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Pholidoscelis auberi 

Scope: Global
Language: English
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Taxonomy [top]

Kingdom Phylum Class Order Family
Animalia Chordata Reptilia Squamata Teiidae

Scientific Name: Pholidoscelis auberi (Cocteau, 1838)
Common Name(s):
English Cuban Ameiva, Auber's Ameiva
Synonym(s):
Ameiva auberi Cocteau, 1838
Taxonomic Source(s): Harvey, M.B., Ugueto, G.N. and Gutberlet Jr., R.L. 2012. Review of Teiid morphology with a revised taxonomy and phylogeny of the Teiidae (Lepidosauria: Squamata). Zootaxa 3459: 1-156.

Assessment Information [top]

Red List Category & Criteria: Least Concern ver 3.1
Year Published: 2017
Date Assessed: 2016-11-30
Assessor(s): Buckner, S., Reynolds, R.G. & Fong, A.
Reviewer(s): Bowles, P.
Contributor(s): Hedges, B. & Hanson, S.
Facilitator/Compiler(s): Brooks, T., Rodríguez, J.
Justification:
The species is endemic to Cuba and the Bahamas, but has a wide distribution and is broadly tolerant of human impacts and the presence of invasive species within this range, and so is assessed as Least Concern
Previously published Red List assessments:

Geographic Range [top]

Range Description:This is almost certainly a complex of species that occurs throughout Cuba and satellites (Henderson and Powell 2009, Rodríguez-Schettino et al. 2013) and many islands and cays on the Great Bahama Bank in the Bahamas, where there are ten subspecies (Henderson and Powell 2009).
Countries occurrence:
Native:
Bahamas; Cuba
Additional data:
Continuing decline in extent of occurrence (EOO):NoExtreme fluctuations in extent of occurrence (EOO):No
Continuing decline in number of locations:No
Extreme fluctuations in the number of locations:No
Range Map:Click here to open the map viewer and explore range.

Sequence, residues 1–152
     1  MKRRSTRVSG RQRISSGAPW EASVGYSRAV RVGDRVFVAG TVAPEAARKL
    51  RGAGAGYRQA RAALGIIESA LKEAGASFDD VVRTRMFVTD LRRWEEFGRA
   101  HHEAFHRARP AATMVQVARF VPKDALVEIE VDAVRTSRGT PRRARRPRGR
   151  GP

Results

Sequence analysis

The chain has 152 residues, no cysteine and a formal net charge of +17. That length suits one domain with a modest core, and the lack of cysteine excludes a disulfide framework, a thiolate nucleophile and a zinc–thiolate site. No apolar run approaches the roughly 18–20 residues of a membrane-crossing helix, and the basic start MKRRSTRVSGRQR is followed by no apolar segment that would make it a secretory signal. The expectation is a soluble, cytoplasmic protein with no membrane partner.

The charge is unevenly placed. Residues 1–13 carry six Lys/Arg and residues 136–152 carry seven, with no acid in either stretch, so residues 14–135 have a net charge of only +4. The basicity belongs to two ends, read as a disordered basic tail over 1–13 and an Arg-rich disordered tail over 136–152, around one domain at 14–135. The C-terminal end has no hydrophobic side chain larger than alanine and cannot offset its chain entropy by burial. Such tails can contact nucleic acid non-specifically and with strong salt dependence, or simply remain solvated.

Population [top]

Population:The species is common in the Bahamas (R.G. Reynolds pers. comm. 2015) and is abundant in Cuba (A. Fong pers. comm. 2016).
Current Population Trend:Stable
Additional data:
Continuing decline of mature individuals:No
Extreme fluctuations:NoPopulation severely fragmented:No
Continuing decline in subpopulations:No
Extreme fluctuations in subpopulations:NoAll individuals in one subpopulation:No

Habitat and Ecology [top]

Habitat and Ecology:This ground-dwelling species occurs primarily in xeric and near-coastal areas in beach vegetation (Coccoloba uvifera, Cocos plantings, scrub, and coastal forest, including mangroves). It is also found in more mesic and disturbed habitats such as coffee plantations or along the margins of sugarcane fields, and parks or gardens within urban areas. It is associated with areas with substantial leaf litter and with karst crevices. Its diet is composed of invertebrates and it has an oviparous reproduction (Henderson and Powell 2009).
Systems:Terrestrial
Continuing decline in area, extent and/or quality of habitat:No

Use and Trade [top]

Use and Trade: There is no known use of or trade in this species.

Threats [top]

Major Threat(s): Cats and presumably rats prey on the species, but the species remains common despite the presence of invasive predators (S.D. Buckner pers. comm. 2015).

Conservation Actions [top]

Conservation Actions: There are no known species-specific conservation measures in place for this species. However, the range of this species coincides with numerous protected areas. Further research into population trends is recommended for the species.

Amended [top]

Amended reason: This species was previously treated on the Red List under the genus Ameiva, but it is now placed under Pholidoscelis following Goicoechea et al. (2016), hence the need for this amended assessment.

Citation: Buckner, S., Reynolds, R.G. & Fong, A. 2017. Pholidoscelis auberi (amended version of 2017 assessment). The IUCN Red List of Threatened Species 2017: e.T50008994A121638955. . Downloaded on 20 August 2018.
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